I have to admit my Type 2 Diabetes diagnosis had not surprised me. I was in denial about my weight, lack of exercise, and poor diet. Once I got the news, I didn’t sit around feeling bad about it. I sprung into action. It was as if I gained a few extra points of IQ, recognized my exact position, and made an immediate resolution to beat it. I surprised myself.
The plan was simple. Lose the weight by altering my diet and starting an exercise program. By getting my weight under control, I might get my body’s systems back in balance, and reverse the diabetes. I wanted to take a data driven approach to everything I was doing. I wanted to watch the variables and measure results. I also believed seeing the results, viewing the data, would keep me motivated. If you can’t measure a system, you can’t improve it.
In those few days after my diagnosis I set a weight goal. Given my height and build I should be somewhere between 180 and 220 lbs. So I needed to lose about 50 lbs, a big goal. I had decided that reducing carbs and getting more proteins, an Atkins like diet, would work for me. I had had some success with it in the past, now I had a good incentive to do it right this time.
My weight was the big variable and tracking it would be critical. You can screw up a low carb diet and actually gain weight. Measuring my weight every day would help me fine tune what I was eating. I wanted this data capture to be very simple, so I ended up buying a Whithings Body Scale. Data capture is automatic. You weigh yourself and the scale updates your data over WiFi on the Withings site. You can view the data on their web site or with a free iPhone app. It’s pricy but it simplifies and makes weigh-ins more fun.
The second part of the plan was to get moving again. I did enjoy running in the past but though the easiest thing to do was to start walking. I set aside time every day to walk. The calories I would burn in conjunction with the low carb diet would help me take off the weight. I thought eventually I would start running again as the weight came off. For tracking my exercise and calories burned I chose RunKeeper on the iPhone. I love this app. Again it makes data collection, tracks all aspects of my workout, and keeps me motivated by alerting me to personal bests like “Most Activities in a Week” or “Longest Distance in an Activity”.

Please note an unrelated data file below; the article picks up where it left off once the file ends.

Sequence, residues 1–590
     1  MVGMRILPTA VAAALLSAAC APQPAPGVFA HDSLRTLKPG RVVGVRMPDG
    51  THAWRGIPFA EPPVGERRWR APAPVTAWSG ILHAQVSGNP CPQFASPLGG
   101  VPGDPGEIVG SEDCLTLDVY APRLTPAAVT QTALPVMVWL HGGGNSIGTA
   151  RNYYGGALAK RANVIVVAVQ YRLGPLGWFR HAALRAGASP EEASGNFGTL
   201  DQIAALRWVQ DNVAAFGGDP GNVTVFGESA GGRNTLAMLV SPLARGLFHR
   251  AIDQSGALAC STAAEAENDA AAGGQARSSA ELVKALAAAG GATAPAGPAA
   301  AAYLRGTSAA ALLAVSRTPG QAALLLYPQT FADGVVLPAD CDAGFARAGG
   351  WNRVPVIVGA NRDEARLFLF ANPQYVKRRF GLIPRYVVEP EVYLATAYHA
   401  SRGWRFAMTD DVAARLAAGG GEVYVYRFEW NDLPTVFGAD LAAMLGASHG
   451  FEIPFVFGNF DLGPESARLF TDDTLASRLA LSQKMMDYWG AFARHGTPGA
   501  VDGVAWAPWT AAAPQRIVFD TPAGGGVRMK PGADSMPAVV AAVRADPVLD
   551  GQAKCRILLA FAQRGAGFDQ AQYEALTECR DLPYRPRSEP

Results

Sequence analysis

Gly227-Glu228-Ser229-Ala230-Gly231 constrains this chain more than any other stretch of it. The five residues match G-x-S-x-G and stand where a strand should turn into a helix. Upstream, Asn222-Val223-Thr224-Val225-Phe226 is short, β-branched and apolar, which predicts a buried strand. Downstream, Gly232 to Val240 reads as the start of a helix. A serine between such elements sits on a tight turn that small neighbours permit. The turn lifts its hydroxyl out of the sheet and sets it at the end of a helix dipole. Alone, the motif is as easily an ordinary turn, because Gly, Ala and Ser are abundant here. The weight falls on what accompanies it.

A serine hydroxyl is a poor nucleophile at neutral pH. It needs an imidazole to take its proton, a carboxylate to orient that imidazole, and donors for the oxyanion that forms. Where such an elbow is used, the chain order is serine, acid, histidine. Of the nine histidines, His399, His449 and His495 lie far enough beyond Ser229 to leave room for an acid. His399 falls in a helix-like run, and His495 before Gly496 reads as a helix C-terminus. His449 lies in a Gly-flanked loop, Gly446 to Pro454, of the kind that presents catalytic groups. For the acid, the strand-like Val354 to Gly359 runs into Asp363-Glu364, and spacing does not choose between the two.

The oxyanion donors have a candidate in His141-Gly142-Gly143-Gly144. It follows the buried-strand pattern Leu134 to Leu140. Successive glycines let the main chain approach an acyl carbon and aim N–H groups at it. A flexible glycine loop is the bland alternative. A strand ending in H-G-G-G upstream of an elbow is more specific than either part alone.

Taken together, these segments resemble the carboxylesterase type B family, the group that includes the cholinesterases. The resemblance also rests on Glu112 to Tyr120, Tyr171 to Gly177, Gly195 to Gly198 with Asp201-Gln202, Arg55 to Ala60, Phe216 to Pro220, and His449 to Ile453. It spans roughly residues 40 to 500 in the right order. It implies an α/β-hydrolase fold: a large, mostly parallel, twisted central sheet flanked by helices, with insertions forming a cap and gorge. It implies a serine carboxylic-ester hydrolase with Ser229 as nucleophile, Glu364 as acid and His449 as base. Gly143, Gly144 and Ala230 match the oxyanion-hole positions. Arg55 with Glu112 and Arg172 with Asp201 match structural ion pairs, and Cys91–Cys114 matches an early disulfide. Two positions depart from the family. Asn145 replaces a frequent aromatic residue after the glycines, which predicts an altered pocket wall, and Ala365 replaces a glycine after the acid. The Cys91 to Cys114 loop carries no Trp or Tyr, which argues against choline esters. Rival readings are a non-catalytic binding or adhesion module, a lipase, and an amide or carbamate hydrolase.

For testing and tracking blood glucose I’m using a Contour Blood Glucose Meter and the BGluMon – Blood Glucose Monitor iPhone app. This part of my toolset isn’t so automated but it is simple. The Contour unit it pretty easy to run although it does take some time to getting use to jabbing yourself for blood, but these new monitors require so little blood. (A tip from my doc: stop sticking your fingers. You can get all the blood you need from the outside edge of your palm.) BGluMon is also pretty simple to use and it was the easiest most helpful app I could find to run stats on my blood glucose readings. I’ve shown the graphs it generates of my numbers to my doc during visits. Very handy.
The one big variable I’m not tracking closely is my calorie intake. I can’t seem to find a tool that will help me do this with minimal fuss. My rational here is that if I can keep the carbs out of my diet and if I can keep my meal sizes down, I won’t need to sweat the calories in count. I’d like to fix this eventually.
One thought on “The Plan and the Tools”
I like MyFitnessPal for calorie tracking on iPhone. Huge database of foods, scan barcodes, shows graphs and such, and you can view progress online.